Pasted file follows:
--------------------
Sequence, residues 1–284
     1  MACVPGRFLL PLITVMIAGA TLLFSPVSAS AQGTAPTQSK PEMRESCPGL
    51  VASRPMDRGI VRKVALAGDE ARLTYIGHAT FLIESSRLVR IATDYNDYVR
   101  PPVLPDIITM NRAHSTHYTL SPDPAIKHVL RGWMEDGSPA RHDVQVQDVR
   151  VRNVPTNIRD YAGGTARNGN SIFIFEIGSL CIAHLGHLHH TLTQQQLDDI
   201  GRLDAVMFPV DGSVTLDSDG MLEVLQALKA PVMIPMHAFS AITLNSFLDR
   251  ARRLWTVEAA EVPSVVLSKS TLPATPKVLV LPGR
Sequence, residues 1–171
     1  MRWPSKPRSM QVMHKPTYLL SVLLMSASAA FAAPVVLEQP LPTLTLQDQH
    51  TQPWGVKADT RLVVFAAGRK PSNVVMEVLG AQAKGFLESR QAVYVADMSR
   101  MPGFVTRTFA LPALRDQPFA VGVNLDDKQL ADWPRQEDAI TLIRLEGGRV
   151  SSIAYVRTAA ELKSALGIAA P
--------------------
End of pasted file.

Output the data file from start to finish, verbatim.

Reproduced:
Sequence, residues 1–284
     1  MACVPGRFLL PLITVMIAGA TLLFSPVSAS AQGTAPTQSK PEMRESCPGL
    51  VASRPMDRGI VRKVALAGDE ARLTYIGHAT FLIESSRLVR IATDYNDYVR
   101  PPVLPDIITM NRAHSTHYTL SPDPAIKHVL RGWMEDGSPA RHDVQVQDVR
   151  VRNVPTNIRD YAGGTARNGN SIFIFEIGSL CIAHLGHLHH TLTQQQLDDI
   201  GRLDAVMFPV DGSVTLDSDG MLEVLQALKA PVMIPMHAFS AITLNSFLDR
   251  ARRLWTVEAA EVPSVVLSKS TLPATPKVLV LPGR
Sequence, residues 1–171
     1  MRWPSKPRSM QVMHKPTYLL SVLLMSASAA FAAPVVLEQP LPTLTLQDQH
    51  TQPWGVKADT RLVVFAAGRK PSNVVMEVLG AQAKGFLESR QAVYVADMSR
   101  MPGFVTRTFA LPALRDQPFA VGVNLDDKQL ADWPRQEDAI TLIRLEGGRV
   151  SSIAYVRTAA ELKSALGIAA P